MoneySavingExpert founder Martin Lewis and the StepChange Debt Charity have called on the Government to fix the rules for people struggling with temporary debt. The move comes as new figures show one in five people making unsecured debt repayments have been left unable to afford food.
In a joint statement issued today, Martin and Mike O'Connor, StepChange Debt Charity's chief executive, said the Government should use its upcoming review of the rules surrounding debt administration to consult on proposals for a 'breathing space' scheme.
The scheme would see people who seek advice for debt problems given a period of six months to a year in which interest and charges are frozen and enforcement action halted, to give them time to get advice to sort their finances.
Where people can repay their debts at an affordable rate and within a reasonable time, this 'breathing space' would then be extended. But the protections would only be accessible when recommended by a regulated debt advice agency.
Unable to afford food
Today's call comes as new research published by the StepChange Debt Charity lays bare the impact of debt on people's day-to-day lives. A survey of 1,000 people who were in financial difficulty and making unsecured debt repayments found 20% have been left unable to afford food, 15% have been unable to heat their home and 12% had run out of money to pay for electricity.
Martin Lewis says: "The inability to heat your home and feed your family is an easily prevented nightmare – if we bring in a widespread breathing space scheme. It won’t just help people financially, but also reduce the damaging mental-health consequences that are often a symptom of serious debt pressures.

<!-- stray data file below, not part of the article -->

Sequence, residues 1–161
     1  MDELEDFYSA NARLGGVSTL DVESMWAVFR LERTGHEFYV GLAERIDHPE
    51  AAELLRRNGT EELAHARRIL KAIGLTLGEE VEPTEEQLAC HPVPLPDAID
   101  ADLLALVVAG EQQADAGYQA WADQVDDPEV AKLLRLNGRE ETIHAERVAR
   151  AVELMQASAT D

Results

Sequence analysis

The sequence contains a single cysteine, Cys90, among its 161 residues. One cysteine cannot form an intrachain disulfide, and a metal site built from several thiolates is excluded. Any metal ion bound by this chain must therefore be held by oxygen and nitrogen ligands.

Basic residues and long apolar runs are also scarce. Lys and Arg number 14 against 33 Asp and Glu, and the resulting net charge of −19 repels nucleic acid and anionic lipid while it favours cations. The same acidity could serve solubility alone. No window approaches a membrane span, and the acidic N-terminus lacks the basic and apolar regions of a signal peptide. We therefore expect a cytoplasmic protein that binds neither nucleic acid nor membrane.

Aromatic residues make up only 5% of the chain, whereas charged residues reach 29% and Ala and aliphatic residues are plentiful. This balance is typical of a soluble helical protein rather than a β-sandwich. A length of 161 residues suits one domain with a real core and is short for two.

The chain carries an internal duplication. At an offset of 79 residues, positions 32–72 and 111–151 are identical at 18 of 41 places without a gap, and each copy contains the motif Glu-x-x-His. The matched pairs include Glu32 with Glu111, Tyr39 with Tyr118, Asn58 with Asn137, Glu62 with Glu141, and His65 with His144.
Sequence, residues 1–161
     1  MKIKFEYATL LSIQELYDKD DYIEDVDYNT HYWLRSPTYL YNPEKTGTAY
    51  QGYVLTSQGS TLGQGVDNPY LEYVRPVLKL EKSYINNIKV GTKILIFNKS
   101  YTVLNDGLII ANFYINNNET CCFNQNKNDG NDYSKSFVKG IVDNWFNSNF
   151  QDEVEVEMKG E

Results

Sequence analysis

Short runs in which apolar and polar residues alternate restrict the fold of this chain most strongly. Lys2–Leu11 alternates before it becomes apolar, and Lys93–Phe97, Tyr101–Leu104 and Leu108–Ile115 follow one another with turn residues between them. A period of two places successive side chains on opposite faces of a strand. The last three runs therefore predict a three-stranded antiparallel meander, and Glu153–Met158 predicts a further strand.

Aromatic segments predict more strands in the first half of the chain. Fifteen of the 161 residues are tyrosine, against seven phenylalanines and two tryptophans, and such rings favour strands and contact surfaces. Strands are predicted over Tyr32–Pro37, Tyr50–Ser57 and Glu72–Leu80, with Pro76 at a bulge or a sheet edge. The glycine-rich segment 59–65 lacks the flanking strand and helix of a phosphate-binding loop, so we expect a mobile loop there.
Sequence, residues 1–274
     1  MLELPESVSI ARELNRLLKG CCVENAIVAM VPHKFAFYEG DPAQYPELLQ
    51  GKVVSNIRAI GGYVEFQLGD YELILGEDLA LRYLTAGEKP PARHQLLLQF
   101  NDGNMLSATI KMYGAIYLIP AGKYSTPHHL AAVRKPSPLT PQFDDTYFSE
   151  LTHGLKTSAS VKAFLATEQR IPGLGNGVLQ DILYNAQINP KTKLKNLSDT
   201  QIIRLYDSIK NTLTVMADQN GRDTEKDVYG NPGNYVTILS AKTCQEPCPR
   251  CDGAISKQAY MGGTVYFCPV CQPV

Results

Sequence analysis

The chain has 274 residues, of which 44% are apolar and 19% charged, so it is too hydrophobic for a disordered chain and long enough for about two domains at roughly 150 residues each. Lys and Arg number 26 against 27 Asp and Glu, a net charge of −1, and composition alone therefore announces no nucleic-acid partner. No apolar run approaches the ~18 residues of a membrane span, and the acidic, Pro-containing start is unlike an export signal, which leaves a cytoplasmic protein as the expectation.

"While some creditors already freeze interest and charges for people who are struggling, it only takes one creditor to not provide breathing space to stop those in financial difficulty sorting their finances. It’s time for the Government to step in.
"By freezing the costs for people who are trying to repay, and allowing them time to get their finances back on track, it could also help lenders increase the amount they actually recover in the long run."
Mike O’Connor adds: "When people who are struggling with debt get advice, take action to deal with the problem and do their best to repay their debts, they deserve help and support which allows them and their families to get back on their feet. The absence of statutory protections for people in temporary financial difficulty is a serious public policy failure."